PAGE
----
Biggest challenge, and how it was solved: Producing a large volume of high-quality content very quickly in an environment full of uncertainty. The solution was teamwork, with everyone from Creative to Compliance focused on the same goal. We already had a skilled team in place prior to the onset of the COVID-19 crisis, including experience working and collaborating remotely. We just turned the volume up to 11.

Winning ingredient: Understanding our clients’ needs. This allowed us to focus on delivering resources that advisors actually wanted and could really use to navigate the new environment effectively.

Check out the work: https://www.columbiathreadneedleus.com/blog/market-volatility

EXPERIENTIAL EDUCATION WINNER:

MFS — Volatility Campaign

Project goal: One of MFS’s key value propositions is to create value beyond our investment offering by helping financial professionals with their key business challenges through MFS Advisor EdgeSM, one of the most comprehensive value-add programs in the industry. One example of a key business challenge that can make or break an advisor’s practices is how they prepare for and live through volatile markets.  Our goal was to offer strategies and tools to help advisor prepare their practice before and stay relevant during volatile times.

Biggest challenge and how it was solved: Our challenge was to create unique, timely content that would resonate with target audience. We solved for that be developing a consistent, integrated campaign across materials and medium that demonstrated how we can help advisors & their clients.

Winning ingredient: Well-designed, simple to use tools deployed through a variety of mediums, strong collaboration with our sales business partners in developing the content and helping to engage with our clients, & ideal timing with changes in the market environment

Check out the work: https://www.mfs.com/en-us/investment-professional/practice-management/volatility-fp-strength-time.html

INTEGRATED CAMPAIGN WINNER:

J.P. Morgan Asset Management — Other Side of Volatility

Project goal: The campaign objective is to establish and reinforce J.P. Morgan Asset Management as a leader and make the firm the first call clients and prospects make, to make sense of the volatility.

Biggest challenge, and how it was solved: At J.P. Morgan Asset Management we believe in providing long-term strategies with a client focused mindset. During the height of the market volatility we knew we had to help our clients find the right solutions for today and tomorrow. We know the first call clients make is to their financial advisors and we aim to be the first call financial advisors make to explore the other side of volatility. The solution was to reinforce to investors the importance of staying invested with confidence. A reminder to the financial professional community that it’s important to invest in proven strategies based on experience and not emotion.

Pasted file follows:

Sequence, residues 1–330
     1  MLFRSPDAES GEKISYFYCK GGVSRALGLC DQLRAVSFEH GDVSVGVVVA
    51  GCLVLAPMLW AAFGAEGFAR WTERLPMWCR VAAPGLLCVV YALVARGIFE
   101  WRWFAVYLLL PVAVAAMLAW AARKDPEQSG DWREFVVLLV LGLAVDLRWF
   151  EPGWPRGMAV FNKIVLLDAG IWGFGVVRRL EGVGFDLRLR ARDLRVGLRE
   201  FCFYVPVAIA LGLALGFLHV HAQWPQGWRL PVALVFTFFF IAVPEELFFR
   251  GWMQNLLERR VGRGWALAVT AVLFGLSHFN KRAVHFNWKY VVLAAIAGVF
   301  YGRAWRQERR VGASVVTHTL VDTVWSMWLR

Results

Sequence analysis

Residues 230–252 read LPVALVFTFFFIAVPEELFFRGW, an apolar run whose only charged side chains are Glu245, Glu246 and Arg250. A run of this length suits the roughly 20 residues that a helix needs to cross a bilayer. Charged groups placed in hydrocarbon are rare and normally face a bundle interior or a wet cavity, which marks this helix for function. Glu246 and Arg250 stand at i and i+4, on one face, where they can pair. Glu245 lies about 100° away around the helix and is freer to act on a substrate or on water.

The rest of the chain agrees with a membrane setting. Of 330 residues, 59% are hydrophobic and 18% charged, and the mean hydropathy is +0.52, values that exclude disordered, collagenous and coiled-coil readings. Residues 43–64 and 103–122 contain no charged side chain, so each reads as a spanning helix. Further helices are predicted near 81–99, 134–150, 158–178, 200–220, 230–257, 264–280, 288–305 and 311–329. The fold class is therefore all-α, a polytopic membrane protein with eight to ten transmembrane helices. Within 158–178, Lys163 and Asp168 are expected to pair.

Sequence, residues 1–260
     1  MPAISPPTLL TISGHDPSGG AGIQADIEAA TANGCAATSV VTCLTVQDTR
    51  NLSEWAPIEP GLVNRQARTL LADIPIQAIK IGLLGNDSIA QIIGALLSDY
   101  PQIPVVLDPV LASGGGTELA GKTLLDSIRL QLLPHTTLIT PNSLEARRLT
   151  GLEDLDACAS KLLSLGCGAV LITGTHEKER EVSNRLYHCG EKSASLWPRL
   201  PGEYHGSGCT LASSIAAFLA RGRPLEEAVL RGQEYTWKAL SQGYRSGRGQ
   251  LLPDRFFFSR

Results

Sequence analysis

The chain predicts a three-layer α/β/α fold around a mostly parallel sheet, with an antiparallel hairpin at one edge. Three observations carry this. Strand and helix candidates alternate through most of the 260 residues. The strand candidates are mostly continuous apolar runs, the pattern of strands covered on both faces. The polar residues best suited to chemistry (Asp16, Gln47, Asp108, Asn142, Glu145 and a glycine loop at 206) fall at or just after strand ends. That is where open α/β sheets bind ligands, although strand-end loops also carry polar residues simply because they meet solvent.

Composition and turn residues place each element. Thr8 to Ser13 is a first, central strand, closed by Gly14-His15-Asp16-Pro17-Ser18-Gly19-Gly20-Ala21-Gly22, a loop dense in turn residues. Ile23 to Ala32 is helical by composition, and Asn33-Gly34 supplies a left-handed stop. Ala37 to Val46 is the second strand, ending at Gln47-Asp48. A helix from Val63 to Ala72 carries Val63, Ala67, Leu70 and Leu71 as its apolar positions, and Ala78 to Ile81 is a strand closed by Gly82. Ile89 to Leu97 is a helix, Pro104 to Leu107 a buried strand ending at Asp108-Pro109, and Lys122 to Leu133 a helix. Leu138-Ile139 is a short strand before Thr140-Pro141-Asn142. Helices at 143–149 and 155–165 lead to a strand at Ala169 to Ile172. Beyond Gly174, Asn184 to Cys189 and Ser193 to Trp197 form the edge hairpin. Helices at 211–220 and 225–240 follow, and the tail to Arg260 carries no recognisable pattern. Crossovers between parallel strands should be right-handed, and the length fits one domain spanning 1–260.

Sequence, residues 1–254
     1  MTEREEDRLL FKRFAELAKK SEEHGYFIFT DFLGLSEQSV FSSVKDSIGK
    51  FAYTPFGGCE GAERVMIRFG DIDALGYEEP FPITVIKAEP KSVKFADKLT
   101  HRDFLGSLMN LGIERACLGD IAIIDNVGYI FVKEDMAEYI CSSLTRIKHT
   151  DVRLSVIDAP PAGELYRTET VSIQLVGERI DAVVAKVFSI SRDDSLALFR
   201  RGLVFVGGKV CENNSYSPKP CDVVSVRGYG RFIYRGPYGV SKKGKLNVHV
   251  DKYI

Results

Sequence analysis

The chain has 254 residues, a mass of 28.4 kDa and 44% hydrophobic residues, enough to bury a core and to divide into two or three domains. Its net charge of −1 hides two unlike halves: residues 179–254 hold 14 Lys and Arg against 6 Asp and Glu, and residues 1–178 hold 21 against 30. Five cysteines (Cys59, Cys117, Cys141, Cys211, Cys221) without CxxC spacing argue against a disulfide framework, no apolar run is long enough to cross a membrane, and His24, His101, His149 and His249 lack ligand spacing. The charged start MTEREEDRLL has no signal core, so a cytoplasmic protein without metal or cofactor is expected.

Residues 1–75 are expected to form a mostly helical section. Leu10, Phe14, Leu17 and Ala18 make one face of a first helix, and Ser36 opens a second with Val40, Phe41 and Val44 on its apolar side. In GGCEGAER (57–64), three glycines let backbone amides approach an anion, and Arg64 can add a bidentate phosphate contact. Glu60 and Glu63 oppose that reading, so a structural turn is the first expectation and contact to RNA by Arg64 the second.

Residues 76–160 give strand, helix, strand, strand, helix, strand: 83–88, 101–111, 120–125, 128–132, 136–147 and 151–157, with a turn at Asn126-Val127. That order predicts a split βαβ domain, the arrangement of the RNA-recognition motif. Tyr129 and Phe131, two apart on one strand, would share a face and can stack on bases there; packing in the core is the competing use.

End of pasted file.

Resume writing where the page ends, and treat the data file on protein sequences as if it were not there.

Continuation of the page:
Winning ingredient: We were swift in the development of “The Other Side of Volatility” campaign and our increased media investment against reaching the Financial professional community. The campaign was able to come to life quickly as a result of leveraging the existing on-going market correction insights which turned out to be the foundation of the campaign.

Check out the work: www.jpmorgan.com/volatility

So, what’s next?

We’d love to hear from you! Did you face similar challenges in 2020? What strategies did your team develop to tackle them? What lessons from 2020 are you keeping front of mind in 2021? Email us at imprint@imprintcontent.com, mention us on Twitter @imprintcontent or ping us on LinkedIn.

To read Part I: Investor Star Awards Winners Speak! , click here.

To read Part III: Retirement Star Awards Winners Speak! , click here.

Star Awards: Investor Winners Speak!

Star Awards: Investor Winners Speak!

For over 20 years the IMEA Star Awards have honored the best of the best communications in the investment managing industry. The Star Awards were presented last month in 30 separate categories across three major classes of communications: investor, advisor and retirement.

We spoke with three winners in the investor category for an inside look at what goes into an investor campaign to make it special and bright enough to catch a Star.

As a longtime sponsor of the IMEA Star Awards, Imprint congratulates all of the talented, hard-working winners.

“I’ve seen so many fantastic examples of investor communications over the years—meaningful campaigns, thoughtful insights—and the winners really focus on their customers and what those customers need,” said Imprint Managing Partner Andy Seibert in the run-up to the awards celebration. “This year, when there’s so many things going on in the world and here at home, marketers have really stepped it up and sharpened their skills.”

“There’s one aspect of the Stars which I really love, and that’s that the judges are your peers,” Seibert added. “So when you win a Star Award it’s getting the applause of your contemporaries, which is really special.”

Here’s what three winners in the investor category had to say:

CRISIS COMMUNICATIONS WINNER:

M&T Bank — COVID-19 Webinars Communications Support

Project goal: Our goal was to arm M&T’s clients across all our business lines with information to help them navigate business and life decisions during such a mutable time.